US Report: Uganda harassed journalists, persecuted opposition

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A report released by the US Department of State Report on Human Rights Violations in Uganda in 2015, accuses government of harassing journalists and hunting down members of the opposition for arrest.

“The constitution and law provide for freedom of speech and press, but the government restricted these rights,” the report says in parts.

It says security forces and government officials occasionally interrogated and detained radio presenters and political leaders who made public statements critical of the government and used slander laws and national security as grounds to restrict freedom of speech.

“The Uganda Police Force’s Media Crimes Unit closely monitored all radio, television, and print media, and security forces subjected numerous journalists to harassment, intimidation, and arrest.”

There were private rural radio stations, but government officials and ruling party members owned many of them and imposed reporting restrictions, it claims.

“Security forces assaulted, harassed, and intimidated journalists. Police arbitrarily arrested and detained journalists.”

According to the report, to avoid government intimidation or harassment, many print and broadcast journalists practiced self-censorship, particularly when reporting on the president or his family, senior members of the ruling NRM party, security forces, or the exploration and use of oil resources.

Many rural radio stations claimed unnamed government officials ordered them to deny broadcast time to opposition politicians, and police questioned several radio hosts for having opposition members on their shows.

Media activists reported authorities censored footage, especially of protests or demonstrations.

The African Center for Media Excellence stated that self-censorship by editors and journalists was rampant, largely due to fear that negative stories about the government and large corporations could adversely affect their advertising revenue.

“Authorities used libel and slander laws to suppress criticism of government officials. The Human Rights Network for Journalists reported that eight journalists faced defamation cases as of November.”

While the constitution provides for freedoms of assembly and association, the government did not respect these rights, according to the report.

The 2013 Public Order Management Act places a significant bureaucratic burden on those wishing to organize or host gatherings and grants the UPF authority to prevent gatherings.

Opposition and civil society activists reported the UPF routinely denied permission on technicalities.

In many instances the UPF gave no official response to requests to hold public meetings, instructed applicants not to assemble, or dispersed meetings after permission was granted.

Police used their legal powers of “preventive arrest”–which allow police to remove and detain persons to prevent them from committing an offense–to harass opposition leaders.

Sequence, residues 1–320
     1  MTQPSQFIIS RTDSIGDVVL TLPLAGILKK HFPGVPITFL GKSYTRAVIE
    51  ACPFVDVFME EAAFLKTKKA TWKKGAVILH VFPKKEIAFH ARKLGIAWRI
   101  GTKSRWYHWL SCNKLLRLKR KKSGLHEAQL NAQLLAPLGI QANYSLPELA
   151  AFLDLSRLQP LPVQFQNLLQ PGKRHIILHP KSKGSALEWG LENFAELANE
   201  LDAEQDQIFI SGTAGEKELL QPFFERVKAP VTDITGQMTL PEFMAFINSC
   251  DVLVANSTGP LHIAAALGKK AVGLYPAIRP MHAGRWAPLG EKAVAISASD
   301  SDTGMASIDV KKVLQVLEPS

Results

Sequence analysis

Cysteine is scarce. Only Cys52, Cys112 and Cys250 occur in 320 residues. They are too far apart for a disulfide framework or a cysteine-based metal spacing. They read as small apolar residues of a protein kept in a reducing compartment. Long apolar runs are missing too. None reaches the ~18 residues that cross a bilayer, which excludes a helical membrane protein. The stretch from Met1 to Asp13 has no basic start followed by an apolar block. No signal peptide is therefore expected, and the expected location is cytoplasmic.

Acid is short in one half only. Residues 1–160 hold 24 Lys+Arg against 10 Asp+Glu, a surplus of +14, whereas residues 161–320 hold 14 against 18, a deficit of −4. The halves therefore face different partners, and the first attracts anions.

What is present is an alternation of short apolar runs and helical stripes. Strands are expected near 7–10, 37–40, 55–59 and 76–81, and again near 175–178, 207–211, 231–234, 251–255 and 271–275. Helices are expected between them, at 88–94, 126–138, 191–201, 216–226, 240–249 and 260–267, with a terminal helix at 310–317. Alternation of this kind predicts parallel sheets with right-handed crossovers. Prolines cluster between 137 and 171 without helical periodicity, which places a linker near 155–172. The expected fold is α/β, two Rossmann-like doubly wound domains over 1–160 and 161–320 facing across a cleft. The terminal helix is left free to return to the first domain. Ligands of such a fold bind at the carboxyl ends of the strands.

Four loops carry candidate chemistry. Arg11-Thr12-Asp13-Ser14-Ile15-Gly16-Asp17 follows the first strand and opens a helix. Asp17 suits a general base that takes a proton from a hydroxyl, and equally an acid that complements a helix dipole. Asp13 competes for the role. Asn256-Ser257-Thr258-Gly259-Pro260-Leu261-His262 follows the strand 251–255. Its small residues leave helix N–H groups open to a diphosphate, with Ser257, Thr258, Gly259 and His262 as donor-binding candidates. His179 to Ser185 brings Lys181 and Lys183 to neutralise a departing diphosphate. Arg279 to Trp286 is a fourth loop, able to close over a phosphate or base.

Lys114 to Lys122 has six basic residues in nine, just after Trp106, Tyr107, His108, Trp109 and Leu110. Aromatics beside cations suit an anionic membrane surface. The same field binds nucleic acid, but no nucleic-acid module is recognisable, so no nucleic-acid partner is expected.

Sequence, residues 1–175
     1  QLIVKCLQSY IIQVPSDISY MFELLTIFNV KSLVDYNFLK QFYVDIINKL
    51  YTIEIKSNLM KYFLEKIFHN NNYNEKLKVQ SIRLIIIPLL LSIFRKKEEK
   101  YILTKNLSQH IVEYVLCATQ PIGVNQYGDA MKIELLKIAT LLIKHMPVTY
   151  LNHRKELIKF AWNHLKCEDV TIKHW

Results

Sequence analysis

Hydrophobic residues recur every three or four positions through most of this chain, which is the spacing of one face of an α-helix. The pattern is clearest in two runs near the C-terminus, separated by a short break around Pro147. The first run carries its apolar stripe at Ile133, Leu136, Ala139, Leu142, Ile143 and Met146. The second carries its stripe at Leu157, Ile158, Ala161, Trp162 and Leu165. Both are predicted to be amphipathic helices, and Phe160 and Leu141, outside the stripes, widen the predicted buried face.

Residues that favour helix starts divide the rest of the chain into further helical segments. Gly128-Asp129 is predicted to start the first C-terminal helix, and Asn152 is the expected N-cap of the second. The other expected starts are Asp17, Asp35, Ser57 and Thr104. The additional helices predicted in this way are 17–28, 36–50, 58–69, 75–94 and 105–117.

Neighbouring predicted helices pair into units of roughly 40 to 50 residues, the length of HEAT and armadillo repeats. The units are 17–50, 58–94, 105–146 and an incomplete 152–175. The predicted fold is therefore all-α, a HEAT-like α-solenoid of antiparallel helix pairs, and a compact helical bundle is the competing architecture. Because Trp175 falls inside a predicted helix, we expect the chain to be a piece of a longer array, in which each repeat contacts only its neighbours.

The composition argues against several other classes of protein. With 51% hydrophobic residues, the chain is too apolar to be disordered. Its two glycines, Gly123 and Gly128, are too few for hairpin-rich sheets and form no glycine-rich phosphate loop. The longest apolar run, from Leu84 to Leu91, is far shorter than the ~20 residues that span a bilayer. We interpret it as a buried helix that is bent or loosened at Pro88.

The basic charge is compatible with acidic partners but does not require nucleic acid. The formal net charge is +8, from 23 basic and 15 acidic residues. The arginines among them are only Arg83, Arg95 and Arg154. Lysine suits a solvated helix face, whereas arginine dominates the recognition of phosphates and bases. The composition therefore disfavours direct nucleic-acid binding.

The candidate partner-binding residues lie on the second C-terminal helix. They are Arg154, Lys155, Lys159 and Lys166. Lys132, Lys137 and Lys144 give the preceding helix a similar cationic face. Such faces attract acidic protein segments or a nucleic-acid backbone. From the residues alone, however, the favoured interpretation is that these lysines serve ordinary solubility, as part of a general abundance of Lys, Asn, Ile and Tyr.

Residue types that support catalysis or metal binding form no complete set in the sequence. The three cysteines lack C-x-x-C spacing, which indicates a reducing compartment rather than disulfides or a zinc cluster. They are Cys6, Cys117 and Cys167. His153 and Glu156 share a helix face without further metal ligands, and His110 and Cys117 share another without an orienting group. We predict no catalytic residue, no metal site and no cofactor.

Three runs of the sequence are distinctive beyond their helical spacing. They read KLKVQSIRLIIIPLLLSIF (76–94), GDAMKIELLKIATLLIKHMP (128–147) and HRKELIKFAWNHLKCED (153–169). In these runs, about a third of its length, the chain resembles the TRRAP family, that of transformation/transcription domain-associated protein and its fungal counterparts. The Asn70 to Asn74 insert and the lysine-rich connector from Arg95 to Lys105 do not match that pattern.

Police preventively arrested several opposition leaders during attempts to hold meetings and processions and later released them.

On several occasions police confined opposition leaders to their residences to prevent them from participating in events.

“Police often used excessive force to disperse protests and public rallies or arrest opposition activists. Police regularly arrested persons, most often opposition youth, for unlawful assembly.”

While the constitution and law provide for freedom of association, the report claims government did not always respect this right.

It says the ruling NRM party operated without restriction, regularly holding rallies and conducting political activities.

Authorities often restricted the activities of the main opposition parties by refusing them permission to hold public demonstrations and preventing opposition leaders from being interviewed on local radio stations.

“Police used tear gas to disperse rallies of opposition leaders and arrested youth activists belonging to opposition groups.”

While the 2009 Anticorruption Act provides criminal penalties for official corruption, including up to 12 years’ imprisonment upon conviction, the report says government did not implement the law effectively, and officials frequently engaged in corrupt practices with impunity.

Government agencies responsible for combating corruption included the Inspectorate of Government, the DPP, the Anticorruption Division (ACD) of the High Court, Parliament’s Public Accounts Committee, the police Criminal Investigation Division, the Office of the Auditor General, and the Directorate for Ethics and Integrity.

“These agencies lacked the political will to combat corruption at the highest levels of government, and many corruption cases remained pending for years.”

In March, the auditor general released the annual report for the fiscal year ending June 2014.

The report revealed government departments increasingly lacked financial discipline, leading to loss of funds or failure to account for funds.

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